The Art of Drafting the OM
By: Darren Smits
All too often in our office we see Offering Memorandums (“OMs” or an “OM”) that have either been drafted by lawyers who specialize in legal areas unrelated to securities (such as real estate or corporate-commercial, for example). Even worse, it is not uncommon that we see OMs that have been drafted by the principal(s) of Issuers in an effort to save costs. When we review these OMs, it’s evident to us that the author of the OM had little, or no, expertise with drafting these important disclosure documents.
After the introduction of National Instrument 45-106 Prospectus and Registration Exemptions (“NI 45-106”) in the fall of 2005, it was not uncommon practice for Issuers or inexperienced counsel to draft OMs based solely upon the requirements set out in the Regulations. However, much has changed since the early introduction of NI 45-106. The requirements of the OM have become more and more complex as securities regulators have significantly increased their expectations of what should and should not be included in OMs. In addition, the implementation of National Instrument 31-103 Registration Requirements and Exemptions (“NI 31-103”) on September 28, 2009 has added yet another layer of complexity to drafting and using OMs to raise funds.
Due to the complex nature of the applicable regulations, as well as the need for specificity in the document, it is strongly recommended that Issuers retain legal counsel that is not only familiar with the exempt securities regulations laid out in NI 45-106, but who is also well versed in any other securities regulations that will have an impact on drafting OMs and has experience with dealing with various Securities Commissions. Unlike a Prospectus, an OM is not reviewed by Securities Regulators. However, Securities Regulators will review an OM as a result of their planned compliance-monitoring programs, certain market activity that they observe, or if they receive specific complaints or referrals. Over the last few years we have seen a significant increase in Securities Regulators reviewing OMs and, as a result, they have found considerable issues with many of the OMs that have been filed. In fact, the Securities Regulators found so many common problems with the OMs that the Canadian Securities Administrators published CSA Staff Notice 45-309, on April 26, 2012, which set out many of the common problems that they kept finding and how to reconcile these issues. While this CSA Staff Notice has been very useful for the industry, it should be noted that this Notice only deals with the most common problems encountered and does not address all of the other problems or concerns that the Securities Regulators have encountered with the thousands of OMs they have reviewed. That is why it is crucial that the counsel retained to prepare the OM be familiar not only with NI 45-106 but also with the expectations of the Securities Regulators.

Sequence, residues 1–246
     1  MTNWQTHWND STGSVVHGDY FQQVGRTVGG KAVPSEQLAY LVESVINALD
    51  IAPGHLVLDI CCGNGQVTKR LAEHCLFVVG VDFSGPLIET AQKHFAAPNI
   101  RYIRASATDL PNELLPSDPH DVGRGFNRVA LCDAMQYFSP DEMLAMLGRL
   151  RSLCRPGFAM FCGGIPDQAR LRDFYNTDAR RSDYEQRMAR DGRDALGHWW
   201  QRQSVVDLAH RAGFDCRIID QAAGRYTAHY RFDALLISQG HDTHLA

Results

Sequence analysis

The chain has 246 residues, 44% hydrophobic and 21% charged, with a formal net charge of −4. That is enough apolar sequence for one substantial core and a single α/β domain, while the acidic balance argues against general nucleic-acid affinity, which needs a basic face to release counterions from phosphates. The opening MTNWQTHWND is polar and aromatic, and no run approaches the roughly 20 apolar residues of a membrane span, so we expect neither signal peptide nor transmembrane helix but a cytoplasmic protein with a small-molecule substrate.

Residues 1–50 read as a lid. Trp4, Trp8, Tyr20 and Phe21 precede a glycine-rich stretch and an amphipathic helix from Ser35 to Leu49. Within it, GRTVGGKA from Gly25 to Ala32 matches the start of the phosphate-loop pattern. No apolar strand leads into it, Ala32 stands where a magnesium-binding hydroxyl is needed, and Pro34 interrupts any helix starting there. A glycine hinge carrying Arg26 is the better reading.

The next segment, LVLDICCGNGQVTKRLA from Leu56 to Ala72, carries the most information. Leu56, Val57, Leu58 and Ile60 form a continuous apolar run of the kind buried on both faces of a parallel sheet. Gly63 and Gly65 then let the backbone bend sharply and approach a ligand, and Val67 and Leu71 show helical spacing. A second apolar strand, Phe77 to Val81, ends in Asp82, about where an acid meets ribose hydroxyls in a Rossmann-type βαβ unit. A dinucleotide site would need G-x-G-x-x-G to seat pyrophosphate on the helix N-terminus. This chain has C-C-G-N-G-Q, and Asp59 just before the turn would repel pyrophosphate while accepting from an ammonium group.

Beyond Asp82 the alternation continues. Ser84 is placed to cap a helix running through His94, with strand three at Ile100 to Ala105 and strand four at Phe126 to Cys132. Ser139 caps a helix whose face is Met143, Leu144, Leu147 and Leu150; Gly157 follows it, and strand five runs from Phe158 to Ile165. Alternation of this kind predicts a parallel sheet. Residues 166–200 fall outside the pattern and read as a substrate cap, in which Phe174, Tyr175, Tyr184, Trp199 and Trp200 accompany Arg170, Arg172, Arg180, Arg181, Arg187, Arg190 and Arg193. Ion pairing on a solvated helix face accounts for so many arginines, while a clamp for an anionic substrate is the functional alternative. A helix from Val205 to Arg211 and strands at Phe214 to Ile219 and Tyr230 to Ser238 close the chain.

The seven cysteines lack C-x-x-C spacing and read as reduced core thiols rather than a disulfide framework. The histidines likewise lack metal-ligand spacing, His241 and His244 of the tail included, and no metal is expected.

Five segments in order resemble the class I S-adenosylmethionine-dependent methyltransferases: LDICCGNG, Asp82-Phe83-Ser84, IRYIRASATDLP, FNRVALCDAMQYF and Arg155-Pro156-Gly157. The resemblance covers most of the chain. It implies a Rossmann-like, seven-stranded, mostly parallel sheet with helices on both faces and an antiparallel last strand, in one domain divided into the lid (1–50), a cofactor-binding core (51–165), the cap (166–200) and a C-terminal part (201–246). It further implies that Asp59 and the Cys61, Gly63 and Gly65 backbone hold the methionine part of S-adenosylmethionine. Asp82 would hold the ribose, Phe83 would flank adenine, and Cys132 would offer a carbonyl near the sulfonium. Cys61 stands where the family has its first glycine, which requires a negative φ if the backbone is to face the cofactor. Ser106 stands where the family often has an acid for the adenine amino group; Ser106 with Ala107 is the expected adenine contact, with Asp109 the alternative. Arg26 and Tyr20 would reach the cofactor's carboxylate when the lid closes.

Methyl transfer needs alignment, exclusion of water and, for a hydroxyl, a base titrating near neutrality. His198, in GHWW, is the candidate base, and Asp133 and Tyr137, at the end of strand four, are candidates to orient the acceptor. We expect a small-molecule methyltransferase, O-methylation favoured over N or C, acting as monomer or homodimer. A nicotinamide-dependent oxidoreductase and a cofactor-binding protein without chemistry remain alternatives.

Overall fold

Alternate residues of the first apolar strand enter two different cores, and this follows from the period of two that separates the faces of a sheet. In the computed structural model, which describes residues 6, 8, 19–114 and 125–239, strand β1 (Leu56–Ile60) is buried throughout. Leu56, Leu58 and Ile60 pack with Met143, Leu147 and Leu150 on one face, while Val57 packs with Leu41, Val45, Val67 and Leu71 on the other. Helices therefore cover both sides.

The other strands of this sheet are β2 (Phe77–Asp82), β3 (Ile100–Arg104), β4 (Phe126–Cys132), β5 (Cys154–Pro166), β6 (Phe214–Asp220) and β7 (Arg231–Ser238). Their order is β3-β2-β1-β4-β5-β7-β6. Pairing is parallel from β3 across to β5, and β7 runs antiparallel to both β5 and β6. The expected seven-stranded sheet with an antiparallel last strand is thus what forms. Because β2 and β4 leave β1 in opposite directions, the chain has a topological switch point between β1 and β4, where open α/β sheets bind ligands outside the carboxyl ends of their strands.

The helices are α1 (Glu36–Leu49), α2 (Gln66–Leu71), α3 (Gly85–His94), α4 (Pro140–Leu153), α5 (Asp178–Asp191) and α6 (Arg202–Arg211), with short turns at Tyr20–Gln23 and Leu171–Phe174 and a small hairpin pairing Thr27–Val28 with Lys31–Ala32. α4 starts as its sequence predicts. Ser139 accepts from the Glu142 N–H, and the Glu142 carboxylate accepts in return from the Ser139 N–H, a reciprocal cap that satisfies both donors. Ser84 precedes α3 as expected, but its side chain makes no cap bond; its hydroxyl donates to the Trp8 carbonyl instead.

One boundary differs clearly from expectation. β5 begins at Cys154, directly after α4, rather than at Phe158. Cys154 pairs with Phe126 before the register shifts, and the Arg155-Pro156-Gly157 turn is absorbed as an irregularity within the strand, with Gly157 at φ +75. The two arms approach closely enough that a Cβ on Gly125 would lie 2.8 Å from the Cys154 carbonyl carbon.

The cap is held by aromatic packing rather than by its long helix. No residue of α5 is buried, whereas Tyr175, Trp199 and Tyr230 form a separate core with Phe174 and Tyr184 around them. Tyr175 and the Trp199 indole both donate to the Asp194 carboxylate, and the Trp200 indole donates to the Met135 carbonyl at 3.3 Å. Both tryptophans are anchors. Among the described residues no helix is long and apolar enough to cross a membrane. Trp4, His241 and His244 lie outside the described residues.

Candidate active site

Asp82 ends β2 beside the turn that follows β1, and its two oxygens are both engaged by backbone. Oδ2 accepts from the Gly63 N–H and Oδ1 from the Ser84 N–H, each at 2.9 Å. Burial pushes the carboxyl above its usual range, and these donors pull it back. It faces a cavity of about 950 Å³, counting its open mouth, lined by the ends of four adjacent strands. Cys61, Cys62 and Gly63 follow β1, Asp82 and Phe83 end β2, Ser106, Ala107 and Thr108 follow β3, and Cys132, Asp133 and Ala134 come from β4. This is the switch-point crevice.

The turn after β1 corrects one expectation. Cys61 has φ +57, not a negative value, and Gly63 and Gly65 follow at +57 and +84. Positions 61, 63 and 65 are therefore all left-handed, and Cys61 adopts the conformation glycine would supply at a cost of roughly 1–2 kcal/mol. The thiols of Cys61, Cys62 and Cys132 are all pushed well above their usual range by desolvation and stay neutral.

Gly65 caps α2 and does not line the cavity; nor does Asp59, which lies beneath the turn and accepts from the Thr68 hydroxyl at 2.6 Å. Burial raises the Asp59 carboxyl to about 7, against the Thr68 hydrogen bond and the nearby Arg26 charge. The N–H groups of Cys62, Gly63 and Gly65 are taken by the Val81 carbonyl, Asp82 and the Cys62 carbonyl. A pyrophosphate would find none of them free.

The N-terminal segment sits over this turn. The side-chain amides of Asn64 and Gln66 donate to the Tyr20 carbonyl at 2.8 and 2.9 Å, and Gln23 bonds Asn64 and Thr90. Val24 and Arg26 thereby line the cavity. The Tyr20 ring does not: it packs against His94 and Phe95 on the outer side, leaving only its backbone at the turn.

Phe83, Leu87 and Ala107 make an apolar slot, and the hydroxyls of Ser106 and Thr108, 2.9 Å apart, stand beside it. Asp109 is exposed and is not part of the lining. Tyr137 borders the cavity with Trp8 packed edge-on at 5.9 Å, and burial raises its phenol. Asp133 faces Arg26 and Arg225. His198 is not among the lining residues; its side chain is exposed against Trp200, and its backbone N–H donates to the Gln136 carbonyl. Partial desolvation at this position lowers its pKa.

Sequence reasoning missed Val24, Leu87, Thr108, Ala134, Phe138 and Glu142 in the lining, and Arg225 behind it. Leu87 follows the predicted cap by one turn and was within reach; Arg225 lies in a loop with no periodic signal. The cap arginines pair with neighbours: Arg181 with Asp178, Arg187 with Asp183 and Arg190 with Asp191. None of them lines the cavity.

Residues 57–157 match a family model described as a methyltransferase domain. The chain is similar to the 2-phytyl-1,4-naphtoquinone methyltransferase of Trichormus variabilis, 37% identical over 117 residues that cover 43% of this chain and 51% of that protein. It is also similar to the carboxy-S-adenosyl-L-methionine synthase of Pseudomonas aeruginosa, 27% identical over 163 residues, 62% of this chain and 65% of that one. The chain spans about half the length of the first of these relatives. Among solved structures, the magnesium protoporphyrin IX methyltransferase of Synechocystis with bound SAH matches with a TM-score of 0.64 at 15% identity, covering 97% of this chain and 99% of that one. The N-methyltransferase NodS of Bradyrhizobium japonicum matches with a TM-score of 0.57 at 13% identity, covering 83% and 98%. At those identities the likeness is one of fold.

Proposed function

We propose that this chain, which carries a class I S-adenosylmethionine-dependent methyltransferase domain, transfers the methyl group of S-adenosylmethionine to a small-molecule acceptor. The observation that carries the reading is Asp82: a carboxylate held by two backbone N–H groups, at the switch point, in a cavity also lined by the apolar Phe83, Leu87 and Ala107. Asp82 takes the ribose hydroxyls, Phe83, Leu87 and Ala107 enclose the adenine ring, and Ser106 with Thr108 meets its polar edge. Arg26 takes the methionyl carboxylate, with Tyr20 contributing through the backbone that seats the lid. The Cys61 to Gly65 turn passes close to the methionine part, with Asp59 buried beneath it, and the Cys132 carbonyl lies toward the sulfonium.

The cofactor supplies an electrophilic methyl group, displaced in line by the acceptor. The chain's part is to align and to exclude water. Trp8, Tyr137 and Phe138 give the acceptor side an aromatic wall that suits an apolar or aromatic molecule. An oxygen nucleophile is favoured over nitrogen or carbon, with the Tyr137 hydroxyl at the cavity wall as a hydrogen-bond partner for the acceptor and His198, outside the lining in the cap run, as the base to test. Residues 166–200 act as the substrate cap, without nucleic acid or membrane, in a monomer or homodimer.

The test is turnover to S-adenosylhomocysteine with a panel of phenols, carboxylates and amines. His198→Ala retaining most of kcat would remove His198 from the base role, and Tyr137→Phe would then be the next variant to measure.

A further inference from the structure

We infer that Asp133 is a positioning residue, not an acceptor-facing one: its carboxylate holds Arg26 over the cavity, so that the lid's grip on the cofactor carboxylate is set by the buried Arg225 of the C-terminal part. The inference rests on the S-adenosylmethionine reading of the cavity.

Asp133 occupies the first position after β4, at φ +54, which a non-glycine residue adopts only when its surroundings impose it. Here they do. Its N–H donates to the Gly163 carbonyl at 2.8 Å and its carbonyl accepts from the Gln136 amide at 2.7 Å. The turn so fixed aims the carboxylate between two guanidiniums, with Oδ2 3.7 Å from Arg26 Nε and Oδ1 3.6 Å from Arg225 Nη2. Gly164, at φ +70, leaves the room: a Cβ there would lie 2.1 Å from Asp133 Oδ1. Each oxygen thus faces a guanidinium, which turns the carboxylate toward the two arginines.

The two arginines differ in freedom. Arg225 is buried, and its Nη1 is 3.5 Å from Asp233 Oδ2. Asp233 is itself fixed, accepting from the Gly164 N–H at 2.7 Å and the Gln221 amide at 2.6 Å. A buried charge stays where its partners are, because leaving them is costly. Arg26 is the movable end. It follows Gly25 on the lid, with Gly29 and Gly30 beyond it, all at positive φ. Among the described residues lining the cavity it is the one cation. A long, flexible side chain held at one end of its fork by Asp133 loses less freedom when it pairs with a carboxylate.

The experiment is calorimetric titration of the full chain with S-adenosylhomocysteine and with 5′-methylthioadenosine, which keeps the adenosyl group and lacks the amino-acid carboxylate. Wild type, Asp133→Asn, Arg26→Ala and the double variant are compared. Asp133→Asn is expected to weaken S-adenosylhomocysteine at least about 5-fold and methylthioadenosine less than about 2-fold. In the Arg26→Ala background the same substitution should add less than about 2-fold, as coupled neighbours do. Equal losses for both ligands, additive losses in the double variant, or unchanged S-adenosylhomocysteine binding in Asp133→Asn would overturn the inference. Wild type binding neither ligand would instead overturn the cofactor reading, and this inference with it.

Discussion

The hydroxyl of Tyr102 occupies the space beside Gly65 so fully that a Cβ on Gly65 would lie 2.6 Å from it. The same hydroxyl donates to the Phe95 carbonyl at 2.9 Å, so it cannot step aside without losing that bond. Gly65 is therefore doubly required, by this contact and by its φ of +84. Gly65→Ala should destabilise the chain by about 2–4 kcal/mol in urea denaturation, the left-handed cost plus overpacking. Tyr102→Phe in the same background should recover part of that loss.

The art of drafting an OM requires an experienced hand. Inexperienced drafters will look to past OMs or other Issuers’ OMs to act as precedents and attempt to copy them. While precedent OMs do exist, they are too often utilized in a ‘copy-and-paste’ style of drafting. This should never be done for a number of reasons including, without limitation: they almost always differ from the current offering because the projects and/or the investments differ; they do not include what Securities Regulators now require to be in OMs; and they often contain errors that have been copied from OM to OM. Each OM should be completely drafted from scratch and thoroughly reviewed by experienced counsel. Retaining counsel without experience or drafting one’s own OM in an effort to save money could not only damage the reputation of the Issuer but of the exempt market industry in the long run. Save yourself some heartburn and hire a qualified professional with adequate experience with drafting OMs.